The Evil Within Review - Psycho Babble

Jim Sterling | 14 Oct 2014 00:01
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Developed by Tango Gameworks. Published by Bethesda. Released October 14, 2014. Available on PC, PS4 (reviewed), Xbox One. Copy provided by publisher.


The Evil Within has been an exciting prospect among the recent resurgence of horror games. Riding high off the back of Alien: Isolation and striding on a foundation of independent scare fests, Shinji Mikami's return to the genre he helped codify has felt like something worth getting eager for. Unfortunately, for all its attempts at being a full-blooded survival horror game, The Evil Within suffers in execution, and isn't quite the bastion of terror it could have been.

Things start off promisingly enough. Detective Sebastian Castellanos arrives at a psychiatric hospital, looking like Jaime Lannister and stumbling on the scene of a slaughter. After a brief investigation, however, Castellanos is captured by mysterious forces and finds himself at the mercy of a hulking, chainsaw-wielding maniac. The stealth-led introduction is nerve-wracking, and gives off a Nemesis-like vibe that makes for a particularly thrilling introduction. Then everything changes.

To its credit, The Evil Within rarely plays the same gag twice. It starts as a thrilling game of cat-and-mouse, similar to Isolation or Outlast. After Castellanos escapes the hospital and ends up in a crashed ambulance out in the middle of nowhere, the game takes on a shape more reminiscent of Resident Evil 4. Crazed, warped villagers stumble through oddly rustic villages and forests, as players sneak, hide, and stab their way through these twisted human mockeries. The many boss battles that litter the experience are varied, and only occasionally feature repeat appearances from previously encountered monsters. There are chase sequences, action scenes, puzzles. Everything you've seen in survival horror since its inception is presented here, and celebrated.

It's a fantastic endeavor, but unfortunately The Evil Within's focus on everything means it never feels specialized enough in any one area to fully realize its ideas. When I say the Resident Evil 4 sections feel exactly like Resident Evil 4, I mean they are just as old fashioned as Capcom's GameCube classic, complete with dated mechanics that ignore any third-person shooter improvements made in that time. Similarly, the stealth features are simplistic, and often suffer from creatures simply "knowing" when you're behind them. The combat, like in retro survival horror games, is inefficient and tricky, with low rates of fire and weapons that need a severe amount of upgrading to become effective - and yet there are many instances in which combat is necessary, and Sebastian is rubbish at it.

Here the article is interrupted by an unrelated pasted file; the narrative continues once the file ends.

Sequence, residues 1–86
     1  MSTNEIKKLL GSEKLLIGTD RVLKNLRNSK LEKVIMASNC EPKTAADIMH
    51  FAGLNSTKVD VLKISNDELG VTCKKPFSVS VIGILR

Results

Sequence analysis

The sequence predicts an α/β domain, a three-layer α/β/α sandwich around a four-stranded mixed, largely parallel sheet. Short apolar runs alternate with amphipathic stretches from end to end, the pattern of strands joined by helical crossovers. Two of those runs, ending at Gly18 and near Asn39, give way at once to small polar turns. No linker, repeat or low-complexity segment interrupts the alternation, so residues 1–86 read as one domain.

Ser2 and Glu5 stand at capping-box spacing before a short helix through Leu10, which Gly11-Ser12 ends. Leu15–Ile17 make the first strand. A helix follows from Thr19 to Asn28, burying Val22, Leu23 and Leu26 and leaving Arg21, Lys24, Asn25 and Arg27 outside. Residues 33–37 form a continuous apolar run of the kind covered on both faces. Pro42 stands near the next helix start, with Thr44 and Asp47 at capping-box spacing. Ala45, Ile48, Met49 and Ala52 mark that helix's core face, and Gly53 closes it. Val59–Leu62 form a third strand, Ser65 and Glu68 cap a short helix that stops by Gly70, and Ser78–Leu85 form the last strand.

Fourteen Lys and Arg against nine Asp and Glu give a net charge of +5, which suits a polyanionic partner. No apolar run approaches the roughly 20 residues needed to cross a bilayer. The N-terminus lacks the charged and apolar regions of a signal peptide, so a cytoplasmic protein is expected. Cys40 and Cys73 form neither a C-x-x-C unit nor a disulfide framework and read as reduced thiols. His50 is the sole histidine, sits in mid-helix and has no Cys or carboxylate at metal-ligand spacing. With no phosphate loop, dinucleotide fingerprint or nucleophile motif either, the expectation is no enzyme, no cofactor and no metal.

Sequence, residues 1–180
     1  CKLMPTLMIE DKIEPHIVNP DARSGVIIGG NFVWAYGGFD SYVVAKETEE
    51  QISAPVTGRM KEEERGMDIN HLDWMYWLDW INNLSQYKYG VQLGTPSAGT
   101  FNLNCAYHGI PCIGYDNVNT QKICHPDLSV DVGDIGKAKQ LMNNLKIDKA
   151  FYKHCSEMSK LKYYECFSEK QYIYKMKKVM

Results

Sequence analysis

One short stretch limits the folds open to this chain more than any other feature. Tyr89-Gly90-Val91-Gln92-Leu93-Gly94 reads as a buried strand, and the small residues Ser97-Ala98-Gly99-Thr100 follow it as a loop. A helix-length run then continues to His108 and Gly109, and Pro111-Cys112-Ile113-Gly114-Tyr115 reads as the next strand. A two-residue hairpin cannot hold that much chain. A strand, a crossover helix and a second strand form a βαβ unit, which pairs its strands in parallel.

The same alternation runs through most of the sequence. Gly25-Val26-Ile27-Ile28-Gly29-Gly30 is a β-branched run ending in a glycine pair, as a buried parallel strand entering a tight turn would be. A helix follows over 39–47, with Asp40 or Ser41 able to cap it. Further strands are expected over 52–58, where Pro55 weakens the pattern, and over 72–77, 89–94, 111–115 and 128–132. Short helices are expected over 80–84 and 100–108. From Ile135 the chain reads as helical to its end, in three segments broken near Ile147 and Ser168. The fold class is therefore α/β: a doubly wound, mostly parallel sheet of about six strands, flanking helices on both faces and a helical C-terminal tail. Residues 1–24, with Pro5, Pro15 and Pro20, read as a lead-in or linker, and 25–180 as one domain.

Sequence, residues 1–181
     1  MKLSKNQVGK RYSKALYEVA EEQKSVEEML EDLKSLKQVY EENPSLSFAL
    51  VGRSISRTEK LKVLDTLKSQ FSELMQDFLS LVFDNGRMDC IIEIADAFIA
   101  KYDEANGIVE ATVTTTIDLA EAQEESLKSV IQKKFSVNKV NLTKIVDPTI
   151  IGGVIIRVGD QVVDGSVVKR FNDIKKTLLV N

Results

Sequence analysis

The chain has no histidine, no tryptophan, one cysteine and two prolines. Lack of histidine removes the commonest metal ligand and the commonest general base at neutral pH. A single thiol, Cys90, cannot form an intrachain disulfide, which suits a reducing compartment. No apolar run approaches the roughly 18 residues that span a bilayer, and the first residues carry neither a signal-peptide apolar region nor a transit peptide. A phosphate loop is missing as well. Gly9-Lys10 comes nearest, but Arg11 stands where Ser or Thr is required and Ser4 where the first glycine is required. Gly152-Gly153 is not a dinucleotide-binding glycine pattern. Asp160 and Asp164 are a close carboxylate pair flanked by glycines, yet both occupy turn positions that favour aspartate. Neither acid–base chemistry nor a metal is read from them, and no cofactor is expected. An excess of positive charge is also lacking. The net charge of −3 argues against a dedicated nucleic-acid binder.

At times, The Evil Within comes off as simply mean-spirited in its interactions with the player. From instant-death traps that rely on trial-and-error surprise, to a sprinting meter that's pathetically small pre-upgrade and causes Castellanos to stop for breath even when chased by a lunatic with a chainsaw, the game's attempts to be difficult really stretch one's notion of fairness. It'll punish you for using resources and ammo you couldn't have predicted you'll need, it'll lock you into a pre-boss checkpoint with no way of healing, even if your health is so low that sprinting has become disabled (yeah, that happens). It introduces mechanics and new ideas quietly, not informing the player, waiting for them to replay tracts of game multiple times and dying until they get it.

It's bad enough that Bethesda even knows it. Alongside my review copy of the game was a note asking that reviewers play on the Casual difficulty setting, not the standard Survival setting (I went with the standard, by the way). Not only that, but each copy came with a sealed envelope containing advice and obscure tips for every single level of the game. Due to embargo restrictions, I cannot repeat those tips, but they provide sometimes crucial insight that the game itself never communicates. It's clear that those presenting the game know it's either imbalanced or does a terrible job of interfacing with the player.

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